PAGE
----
There's a big chance that you've seen one of your students playing with a silly filter on Snapchat, or perhaps you've caught one of them wandering around campus playing Pokémon Go. While they may appear to be typical apps these days, an innovative technology makes them possible — augmented reality (AR).
Not to be confused with virtual reality (VR), which is technology designed to bring users into a simulated 3D world, AR changes the world of the user by adding digital elements into real life through a device.
Here's how this innovation can transform the field of education.
Augmented Reality and Learning
More than a fancy feature on a digital device, AR allows users to open their mind to a realm of possibilities through its interactive nature. Indeed, the government of Victoria recognises the prospect of this technology, as they have joined forces with the AR/VR company Magnify World last year.
The state government has reportedly invested AU$148 million into the company to create three STEM-centric colleges. Of course, technology is no stranger to education. For example, the University of Sydney opened the Immersive Learning Laboratory in August 2017, giving students the opportunity to explore the world of VR.
So how can AR be applied in Australian schools?
By making what used to be impossible to see or experience readily accessible. Case in point, an application called AR Anatomy encourages students to learn more about the human body, as they get to explore the inner workings of the different organ systems.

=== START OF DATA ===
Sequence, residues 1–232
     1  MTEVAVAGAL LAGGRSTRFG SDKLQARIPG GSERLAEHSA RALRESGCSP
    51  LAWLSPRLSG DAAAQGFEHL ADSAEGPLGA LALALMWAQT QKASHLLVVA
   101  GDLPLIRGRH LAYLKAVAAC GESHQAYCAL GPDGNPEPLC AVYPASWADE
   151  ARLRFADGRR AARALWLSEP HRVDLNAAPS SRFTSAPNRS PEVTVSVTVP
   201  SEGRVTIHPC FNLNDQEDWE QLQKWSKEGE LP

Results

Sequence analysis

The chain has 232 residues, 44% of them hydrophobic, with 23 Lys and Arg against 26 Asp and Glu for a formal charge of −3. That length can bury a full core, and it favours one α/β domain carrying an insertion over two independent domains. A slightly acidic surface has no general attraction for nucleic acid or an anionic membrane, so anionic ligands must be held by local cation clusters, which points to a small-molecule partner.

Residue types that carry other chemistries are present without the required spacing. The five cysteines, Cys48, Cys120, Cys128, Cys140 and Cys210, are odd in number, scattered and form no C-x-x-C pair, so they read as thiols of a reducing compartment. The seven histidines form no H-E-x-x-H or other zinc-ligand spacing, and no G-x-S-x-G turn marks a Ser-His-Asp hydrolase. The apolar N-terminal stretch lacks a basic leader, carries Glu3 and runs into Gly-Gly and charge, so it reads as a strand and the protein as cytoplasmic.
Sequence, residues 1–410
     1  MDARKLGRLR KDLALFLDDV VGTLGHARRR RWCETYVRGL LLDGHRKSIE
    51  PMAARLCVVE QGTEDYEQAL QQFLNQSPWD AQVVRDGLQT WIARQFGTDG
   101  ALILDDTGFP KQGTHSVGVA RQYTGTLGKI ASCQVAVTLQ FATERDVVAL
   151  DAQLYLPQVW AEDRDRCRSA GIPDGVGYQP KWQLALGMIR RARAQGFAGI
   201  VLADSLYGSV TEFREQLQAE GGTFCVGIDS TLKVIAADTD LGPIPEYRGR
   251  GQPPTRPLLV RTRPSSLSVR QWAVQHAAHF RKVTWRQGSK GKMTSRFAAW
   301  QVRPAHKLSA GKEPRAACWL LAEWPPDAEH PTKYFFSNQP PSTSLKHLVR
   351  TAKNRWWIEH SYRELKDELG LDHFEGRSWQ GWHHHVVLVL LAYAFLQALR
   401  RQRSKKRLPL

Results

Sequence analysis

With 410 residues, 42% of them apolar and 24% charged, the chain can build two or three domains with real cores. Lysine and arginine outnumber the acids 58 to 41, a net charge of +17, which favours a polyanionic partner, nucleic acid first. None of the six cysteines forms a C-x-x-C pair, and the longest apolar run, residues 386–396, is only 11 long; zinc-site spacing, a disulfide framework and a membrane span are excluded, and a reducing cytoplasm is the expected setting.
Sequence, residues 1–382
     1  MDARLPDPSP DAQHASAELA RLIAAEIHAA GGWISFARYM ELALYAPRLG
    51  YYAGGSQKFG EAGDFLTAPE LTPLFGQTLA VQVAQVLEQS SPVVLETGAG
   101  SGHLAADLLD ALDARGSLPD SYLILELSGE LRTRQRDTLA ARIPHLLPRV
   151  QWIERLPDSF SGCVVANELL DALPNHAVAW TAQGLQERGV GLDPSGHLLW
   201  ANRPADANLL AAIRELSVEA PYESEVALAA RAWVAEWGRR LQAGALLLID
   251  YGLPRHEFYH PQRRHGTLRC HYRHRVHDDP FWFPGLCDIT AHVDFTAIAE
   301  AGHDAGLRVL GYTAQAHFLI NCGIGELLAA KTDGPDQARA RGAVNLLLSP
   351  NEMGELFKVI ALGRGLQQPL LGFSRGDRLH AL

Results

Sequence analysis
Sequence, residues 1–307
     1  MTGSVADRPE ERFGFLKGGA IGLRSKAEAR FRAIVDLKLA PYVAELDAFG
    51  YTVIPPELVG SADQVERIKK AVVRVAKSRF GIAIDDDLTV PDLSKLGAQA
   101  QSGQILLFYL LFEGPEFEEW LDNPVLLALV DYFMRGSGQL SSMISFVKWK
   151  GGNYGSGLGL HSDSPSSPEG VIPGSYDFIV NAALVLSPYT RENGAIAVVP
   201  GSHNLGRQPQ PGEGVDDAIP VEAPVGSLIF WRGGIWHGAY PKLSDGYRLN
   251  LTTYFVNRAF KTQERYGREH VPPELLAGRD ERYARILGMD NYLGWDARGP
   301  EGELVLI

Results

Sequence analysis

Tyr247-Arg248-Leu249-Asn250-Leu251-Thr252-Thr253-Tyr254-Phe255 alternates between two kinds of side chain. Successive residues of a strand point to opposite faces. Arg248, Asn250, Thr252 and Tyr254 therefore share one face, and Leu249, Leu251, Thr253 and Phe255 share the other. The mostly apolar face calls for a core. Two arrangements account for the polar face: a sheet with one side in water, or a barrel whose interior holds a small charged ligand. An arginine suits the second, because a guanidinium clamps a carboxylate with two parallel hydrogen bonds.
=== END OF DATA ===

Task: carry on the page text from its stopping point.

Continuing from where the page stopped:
By using a smartphone or a tablet, students are able to more clearly see and understand how the body works thanks to the interactive and detailed 3D imagery, instead of simply staring at a picture of this system on a textbook. This method is already being implemented in the La Trobe University in Melbourne, as CNBC notes that their Department of Anatomy offers all-day access to 3D visuals on their devices.
Apart from anatomy, there's an array of applications that give students a more in-depth educational experience, whether it's geology or interior design. That's because AR applications can take you to outer space or the surface of Mars, and incorporate items digitally in real-life spaces.
What's more, AR is more accessible to students since most of them already have these tech tools, whereas VR often requires pricey hardware. And for students with hearing problems, AR can help them study better because there are applications that can translate spoken English into sign language and vice versa.
Challenges and Clarifications
Despite the technology's potential, there are still roadblocks it has to face when it comes to being adopted into Australian schools. Since it's relatively new, and most people have only experienced AR through social media networks or mobile apps, educators might have difficulty integrating it into their curriculum.
Privacy is another concern for many parents who worry their children will be vulnerable to the dangers of the Internet.
But there's no need to fret because these issues can be properly addressed. When it comes to the integration of AR in the classroom, the vital aspects are easy to learn and apply — they can view it simply as a new application on their phone.
Meanwhile, those at the upper echelons of the Department of Education and Training must ensure the privacy of both students and educators by double-checking the security standards of each AR applications they'll implement.